Anderson: Brazilian flop or the next Scholes?

by Jasveer Singh Gill

Thursday, December 9th, 2010

Like the unicorn, the leprechaun and chocolate popcorn, the Brazilian footballer has taken on a mythical status in the modern day.
All flair and tricks with oodles of skill, the Brazilian is meant to signal all that is great about football, with the greatest Brazilian of them all (please keep any filthy jokes to yourself) Pele having coined the phrase “the beautiful game”.
Yet in Britain the Brazilian has more often than not flattered to deceive. Remember the likes of Mirandinha, Roque Junior, Branco and Jardel? Probably not and that is the point.
The successes of the Brazilian in England have been moderate at best. The likes of Gilberto Silva, Fabio Aurelio and Alex have done well but hardly set the Premiership alight, while Juninho of Middlesbrough is the only player that came close to actually showing the Premiership what a true Brazilian footballer is expected to be.
All over the world, most notably in the two other major football nations of Italy and Spain, Brazilians have usually stormed the league with their talent. That is yet to happen in England. The most expensive Brazilian in the Premier League that is still playing here is still teetering on the brink of whether he is deemed a success or failure.
Anderson signed for Manchester United in 2007 for approximately £17million and the fans greeted his signing the same way most fans would greet the signing of a potential Brazilian superstar. Clips of him at his best on youtube enthralled United fans who were expecting a young version of a future Ronaldinho at their club.
Anderson had the credentials to go with the fanfare he received too. He was the player of the 2005 under-17 World Championship and had shown pieces of unbelievable skill, as well as pace, strength and a decent eye for goal at his Brazilian club Gremio and than at FC Porto of Portugal.
At the time of his signing he was seen as one of the best young players in the world. At FC Porto he was used to playing in an attacking role, often just of a forward or on the left of the front three in a 4-3-3 formation.
For United he made his debut in central midfield and went on to play there for most of the 2007/2008 season. Without showing the kind of skill and flair that United fans had perhaps expected Anderson was still a huge success in his first season. He showed excellent strength and energy in the battle ground that is central midfield in the Premier League, whilst it was his ability to pass and move which really impressed. In direct contests against the likes of Cesc Fabregas and Steven Gerrard Anderson came out on top and United seemed to have found a new hero.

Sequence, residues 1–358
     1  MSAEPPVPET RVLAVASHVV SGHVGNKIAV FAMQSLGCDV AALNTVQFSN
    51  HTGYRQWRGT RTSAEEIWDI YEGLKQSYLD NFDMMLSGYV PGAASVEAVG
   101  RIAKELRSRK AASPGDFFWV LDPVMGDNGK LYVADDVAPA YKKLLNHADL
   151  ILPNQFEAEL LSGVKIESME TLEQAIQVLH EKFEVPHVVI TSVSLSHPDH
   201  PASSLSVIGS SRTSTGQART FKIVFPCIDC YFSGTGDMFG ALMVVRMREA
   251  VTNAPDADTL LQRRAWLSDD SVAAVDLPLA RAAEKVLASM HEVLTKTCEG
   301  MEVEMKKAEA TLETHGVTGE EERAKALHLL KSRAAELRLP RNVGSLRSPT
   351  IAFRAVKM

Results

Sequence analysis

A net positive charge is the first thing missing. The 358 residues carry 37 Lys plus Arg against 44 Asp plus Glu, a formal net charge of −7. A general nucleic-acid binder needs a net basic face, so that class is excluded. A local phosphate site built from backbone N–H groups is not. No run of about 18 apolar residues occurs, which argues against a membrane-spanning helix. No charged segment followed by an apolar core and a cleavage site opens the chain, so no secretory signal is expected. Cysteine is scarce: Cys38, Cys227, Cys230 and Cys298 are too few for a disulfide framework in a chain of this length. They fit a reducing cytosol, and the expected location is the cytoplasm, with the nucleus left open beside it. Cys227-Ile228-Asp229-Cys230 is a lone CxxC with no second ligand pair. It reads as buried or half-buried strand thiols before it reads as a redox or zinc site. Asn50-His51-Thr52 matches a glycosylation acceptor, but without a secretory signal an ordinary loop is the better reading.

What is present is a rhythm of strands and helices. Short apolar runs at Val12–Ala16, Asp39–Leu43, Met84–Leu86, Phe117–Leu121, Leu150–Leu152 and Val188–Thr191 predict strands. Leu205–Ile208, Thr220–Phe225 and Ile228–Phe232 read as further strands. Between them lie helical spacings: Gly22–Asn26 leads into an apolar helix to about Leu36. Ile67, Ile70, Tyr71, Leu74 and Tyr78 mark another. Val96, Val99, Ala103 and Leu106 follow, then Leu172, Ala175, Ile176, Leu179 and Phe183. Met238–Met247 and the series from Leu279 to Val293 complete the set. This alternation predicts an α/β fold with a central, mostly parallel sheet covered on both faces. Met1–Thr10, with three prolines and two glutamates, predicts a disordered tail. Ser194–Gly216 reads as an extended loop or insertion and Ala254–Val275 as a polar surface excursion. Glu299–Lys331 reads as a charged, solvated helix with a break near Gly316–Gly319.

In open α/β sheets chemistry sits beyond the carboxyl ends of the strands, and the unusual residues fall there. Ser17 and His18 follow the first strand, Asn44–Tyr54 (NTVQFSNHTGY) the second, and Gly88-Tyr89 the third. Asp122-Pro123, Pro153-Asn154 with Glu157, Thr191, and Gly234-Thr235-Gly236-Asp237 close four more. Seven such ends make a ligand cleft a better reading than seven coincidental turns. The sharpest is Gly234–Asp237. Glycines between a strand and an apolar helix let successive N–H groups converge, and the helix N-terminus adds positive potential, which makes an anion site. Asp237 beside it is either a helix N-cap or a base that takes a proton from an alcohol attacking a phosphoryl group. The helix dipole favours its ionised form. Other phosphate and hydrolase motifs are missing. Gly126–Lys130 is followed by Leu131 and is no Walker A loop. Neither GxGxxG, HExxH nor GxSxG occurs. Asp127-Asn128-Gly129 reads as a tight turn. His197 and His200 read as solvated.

He went on to score a penalty during the shoot-out which saw United win that seasons Champions League but since then he has seemed to have suffered second and third season syndrome. Anderson has not only failed to match the performances of his first season with United but his performances have been so bad since than that he may have even washed away the memory of United fans.
A lack of goals, lack of creativity and lack of fitness have seen him slide way down the United midfield pecking order, with rumours of a move to clubs such as Newcastle and Panathinaikos showing how far he has fallen. Was he not suited to a central midfield role in the Premier League? Was his Brazilian fun filled life style affecting his performances? Or was it simply the curse of the Brazilian footballer in Britain striking again? Whatever it was, he has appeared to have shaken it off.
It seems his club manager Sir Alex Ferguson is determined to get the best out of him, having said in 2009 that he was the future replacement for the legendary Paul Scholes, which is huge appraisal.
Thus this season, after an injury ravaged and overall poor season last year, Anderson has started getting chances to play again is seeming to find his samba rhythm again. The fans would probably like to see more of the Brazilian in Anderson but Ferguson is happy to see him keep the United midfield ticking over, although they both would like him to contribute more than the two goals in 109 games he has managed so far.
Ferguson is currently building his 6th great United team and he has envisioned Anderson as an integral part of it. If he can fulfil this destiny than no doubt he will be the Premiership’s greatest ever Brazilian, although he does not have much competition there.

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  • Darren

    the term headless chicken springs to mind

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